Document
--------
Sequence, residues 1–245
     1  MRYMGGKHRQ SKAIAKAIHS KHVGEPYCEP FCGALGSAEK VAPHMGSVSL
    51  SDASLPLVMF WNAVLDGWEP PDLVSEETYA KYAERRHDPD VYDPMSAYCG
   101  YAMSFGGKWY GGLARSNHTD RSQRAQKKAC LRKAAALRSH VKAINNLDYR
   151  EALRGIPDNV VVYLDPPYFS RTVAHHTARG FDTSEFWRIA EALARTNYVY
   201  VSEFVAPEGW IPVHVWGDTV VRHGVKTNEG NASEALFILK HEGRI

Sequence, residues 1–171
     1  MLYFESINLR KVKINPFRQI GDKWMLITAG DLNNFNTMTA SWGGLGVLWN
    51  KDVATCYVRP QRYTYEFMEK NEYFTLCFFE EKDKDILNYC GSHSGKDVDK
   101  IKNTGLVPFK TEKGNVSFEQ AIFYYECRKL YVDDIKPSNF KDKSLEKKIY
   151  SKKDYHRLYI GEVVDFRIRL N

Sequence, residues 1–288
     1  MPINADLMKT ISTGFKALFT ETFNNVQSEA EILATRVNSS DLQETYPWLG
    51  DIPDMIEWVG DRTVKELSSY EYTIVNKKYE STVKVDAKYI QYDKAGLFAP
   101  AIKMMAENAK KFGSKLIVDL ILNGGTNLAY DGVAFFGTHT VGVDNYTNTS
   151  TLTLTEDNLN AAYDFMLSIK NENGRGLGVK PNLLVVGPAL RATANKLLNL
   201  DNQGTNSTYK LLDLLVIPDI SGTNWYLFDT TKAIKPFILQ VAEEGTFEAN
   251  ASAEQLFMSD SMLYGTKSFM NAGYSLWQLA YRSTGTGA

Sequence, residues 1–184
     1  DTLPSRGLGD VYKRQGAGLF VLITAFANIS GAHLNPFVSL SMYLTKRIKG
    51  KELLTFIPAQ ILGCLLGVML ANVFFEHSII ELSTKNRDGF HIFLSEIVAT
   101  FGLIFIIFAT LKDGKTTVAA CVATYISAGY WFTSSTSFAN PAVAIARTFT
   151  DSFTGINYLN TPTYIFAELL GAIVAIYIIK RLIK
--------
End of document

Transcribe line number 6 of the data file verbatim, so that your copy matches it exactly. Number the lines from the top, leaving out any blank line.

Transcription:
   201  VSEFVAPEGW IPVHVWGDTV VRHGVKTNEG NASEALFILK HEGRI